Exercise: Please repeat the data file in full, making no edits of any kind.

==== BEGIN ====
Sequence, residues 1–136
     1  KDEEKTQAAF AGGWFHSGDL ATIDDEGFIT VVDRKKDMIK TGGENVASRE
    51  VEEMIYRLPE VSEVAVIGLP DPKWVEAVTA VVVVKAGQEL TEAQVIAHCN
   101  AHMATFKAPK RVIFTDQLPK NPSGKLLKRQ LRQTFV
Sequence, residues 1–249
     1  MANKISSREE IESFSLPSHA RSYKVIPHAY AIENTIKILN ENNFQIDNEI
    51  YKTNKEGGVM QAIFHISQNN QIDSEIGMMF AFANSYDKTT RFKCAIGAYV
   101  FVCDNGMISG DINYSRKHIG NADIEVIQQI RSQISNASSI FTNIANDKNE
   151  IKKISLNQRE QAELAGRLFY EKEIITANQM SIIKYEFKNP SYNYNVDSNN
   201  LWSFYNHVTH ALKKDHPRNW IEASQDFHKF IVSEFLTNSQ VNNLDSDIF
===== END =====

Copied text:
Sequence, residues 1–136
     1  KDEEKTQAAF AGGWFHSGDL ATIDDEGFIT VVDRKKDMIK TGGENVASRE
    51  VEEMIYRLPE VSEVAVIGLP DPKWVEAVTA VVVVKAGQEL TEAQVIAHCN
   101  AHMATFKAPK RVIFTDQLPK NPSGKLLKRQ LRQTFV
Sequence, residues 1–249
     1  MANKISSREE IESFSLPSHA RSYKVIPHAY AIENTIKILN ENNFQIDNEI
    51  YKTNKEGGVM QAIFHISQNN QIDSEIGMMF AFANSYDKTT RFKCAIGAYV
   101  FVCDNGMISG DINYSRKHIG NADIEVIQQI RSQISNASSI FTNIANDKNE
   151  IKKISLNQRE QAELAGRLFY EKEIITANQM SIIKYEFKNP SYNYNVDSNN
   201  LWSFYNHVTH ALKKDHPRNW IEASQDFHKF IVSEFLTNSQ VNNLDSDIF